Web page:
By way of introduction, my Dad is a Shoah survivor from Berlin and my mom’s family hailed from Belarus.  I was raised and spent my adult life in Conservative synagogues, including serving on boards and as shaliach tzibur.  My Dad, too, was president of our synagogue growing up and we were fixtures at services year-round.  I studied religious thought and Jewish studies in college but finished my education in sociology at Brandeis before becoming a social worker and then a psychologist.  In the years before my mom’s passing, my day-to-day practice had flagged.  EB was my first traditional community.


Arthur Kleinman in Writing at the Margin2, talked of the marginal predicament of Jews in the 20th Century, the century of the Holocaust.  For my family it was a time of upheaval and displacement.  My father and grandparents had moved across continents, leaving behind centuries of family history.  Aside from some tales that were told, however, these events led to ruptures of historical continuity and historical memory.  Traditions were lost and identities disappeared.  In my home, trauma lurked behind nightmares and stern glances among adults that ended responses to questions from the children.  Growing up, I lived among children in similar situations, attending new suburban synagogues with traditions only a few years old.  (The synagogue of my youth, Temple Beth Am in Randolph, Massachusetts, recently closed its doors.)  For me, there was more wandering, as I went to colleges, lived in Israel, attended graduate schools and made homes in many locations around the country.  Settling in Seattle, I completed my education, started a family and established a career. We joined a Conservative congregation, miles from where we lived.


And then Mom died.  In her early seventies, she had sustained a spinal cord injury and was then found to have emphysema.  She died after a lengthy illness with growing losses of physical and mental faculties.   Mom was mostly cared for by my father, and I was thousands of miles away.  After returning to Seattle from her funeral and shiva, I arrived at arvit at EB on a damp March evening, on the margins and looking for more than I knew.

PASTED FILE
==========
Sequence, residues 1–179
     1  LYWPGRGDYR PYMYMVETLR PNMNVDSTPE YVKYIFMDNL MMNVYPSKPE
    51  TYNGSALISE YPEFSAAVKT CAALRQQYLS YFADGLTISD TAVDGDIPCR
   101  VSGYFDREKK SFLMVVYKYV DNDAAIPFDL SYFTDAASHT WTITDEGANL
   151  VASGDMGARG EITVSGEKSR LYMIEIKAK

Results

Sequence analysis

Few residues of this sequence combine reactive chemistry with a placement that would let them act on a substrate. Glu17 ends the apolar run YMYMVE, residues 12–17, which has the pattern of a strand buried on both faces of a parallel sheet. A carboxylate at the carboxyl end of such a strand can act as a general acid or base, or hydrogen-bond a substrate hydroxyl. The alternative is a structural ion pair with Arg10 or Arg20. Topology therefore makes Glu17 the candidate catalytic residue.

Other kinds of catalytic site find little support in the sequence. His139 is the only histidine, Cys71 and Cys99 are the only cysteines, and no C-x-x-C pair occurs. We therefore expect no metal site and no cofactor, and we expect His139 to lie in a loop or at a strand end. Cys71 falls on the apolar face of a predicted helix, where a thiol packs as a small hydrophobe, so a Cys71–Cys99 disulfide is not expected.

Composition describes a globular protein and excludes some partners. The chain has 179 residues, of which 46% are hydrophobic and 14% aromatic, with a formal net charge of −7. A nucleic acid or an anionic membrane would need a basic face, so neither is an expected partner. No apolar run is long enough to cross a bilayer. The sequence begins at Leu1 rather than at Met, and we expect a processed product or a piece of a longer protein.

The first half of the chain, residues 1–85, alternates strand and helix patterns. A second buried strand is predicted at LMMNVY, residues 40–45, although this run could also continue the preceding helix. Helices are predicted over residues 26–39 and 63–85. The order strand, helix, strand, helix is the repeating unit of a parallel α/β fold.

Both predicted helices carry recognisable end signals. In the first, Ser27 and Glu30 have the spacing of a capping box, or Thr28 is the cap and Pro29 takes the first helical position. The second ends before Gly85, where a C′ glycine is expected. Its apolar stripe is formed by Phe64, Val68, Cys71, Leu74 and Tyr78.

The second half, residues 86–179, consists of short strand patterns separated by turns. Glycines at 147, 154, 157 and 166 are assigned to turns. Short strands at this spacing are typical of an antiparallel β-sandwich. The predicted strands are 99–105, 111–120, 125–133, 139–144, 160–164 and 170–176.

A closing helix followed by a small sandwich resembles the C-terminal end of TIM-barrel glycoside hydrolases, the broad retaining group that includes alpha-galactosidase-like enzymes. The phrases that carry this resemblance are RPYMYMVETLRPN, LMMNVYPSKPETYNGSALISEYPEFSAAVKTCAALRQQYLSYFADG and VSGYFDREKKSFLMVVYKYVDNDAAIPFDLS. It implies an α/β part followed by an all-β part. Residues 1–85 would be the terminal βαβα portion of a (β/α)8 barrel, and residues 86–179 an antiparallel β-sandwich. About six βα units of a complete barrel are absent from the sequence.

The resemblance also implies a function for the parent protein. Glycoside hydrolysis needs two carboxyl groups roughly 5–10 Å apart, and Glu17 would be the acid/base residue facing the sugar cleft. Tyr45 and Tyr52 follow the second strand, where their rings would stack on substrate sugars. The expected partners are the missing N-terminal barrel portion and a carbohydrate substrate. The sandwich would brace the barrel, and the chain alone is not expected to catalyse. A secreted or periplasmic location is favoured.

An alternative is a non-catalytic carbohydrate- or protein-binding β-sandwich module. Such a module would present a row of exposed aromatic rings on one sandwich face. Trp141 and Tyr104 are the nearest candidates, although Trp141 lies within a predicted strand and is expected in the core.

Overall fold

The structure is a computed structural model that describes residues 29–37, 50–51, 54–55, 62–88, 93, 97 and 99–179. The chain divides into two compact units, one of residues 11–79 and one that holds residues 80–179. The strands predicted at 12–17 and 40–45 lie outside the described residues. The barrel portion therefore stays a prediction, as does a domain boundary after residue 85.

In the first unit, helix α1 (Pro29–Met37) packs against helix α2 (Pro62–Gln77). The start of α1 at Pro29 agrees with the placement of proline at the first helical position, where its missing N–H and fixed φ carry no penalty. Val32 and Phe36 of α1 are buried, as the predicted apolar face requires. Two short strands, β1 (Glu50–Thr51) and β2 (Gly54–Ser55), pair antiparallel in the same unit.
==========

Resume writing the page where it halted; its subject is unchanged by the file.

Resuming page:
In my fifth grade Hebrew school class our teacher, Mr. Skupsky, explained his theory of time.  He pointed to one post in the room marking our birth and to a second post, marking our death.  Everything was linear in between, in exact order.  Our empirical society with its multiple digital readouts encourages such a linear view of time.  A linear view of time has its merits.  We all like to be on time for our flight and get bills in on deadlines. Heaven forbid that we need to invoke the laws for arriving late at synagogue for tefillah. 


Yet, as Jews we know that time means something different and works differently.  The first sanctification in Torah is of time, of Shabbat, and our first mitzvah, before the Aseret Hadibrot, is to sanctify time, the new month, rosh hodesh.  On our festival holidays we say a blessing for the Holy One who blesses Israel who in turn blesses time, zemanimShabbat, shemitah and yovel are points in time where we are reminded that the earth and all its peoples and riches are A’Shem’s.  Our patriarchs are famous for initiating prayer at certain times of the day.  Rabbis Abraham Joshua Heschel and Jonathan Sacks describe time as the arena of the Divine-human encounter.


Jewish time is not straightforward. It does not have a simple linear past, present and future.  I am always surprised when reminded that events in Torah are not in linear order.  In Biblical Hebrew past tense is often denoted by verbs in the future tense.  Conversations in Talmud occur between scholars who lived hundreds of years apart.  We are reminded that Jews of all generations, including generations to come, received the Torah at Sinai.  Not only do we recount yetziat mitzrayim at our seder, but we are commanded to approach the evening as if we ourselves were preparing for the perilous journey.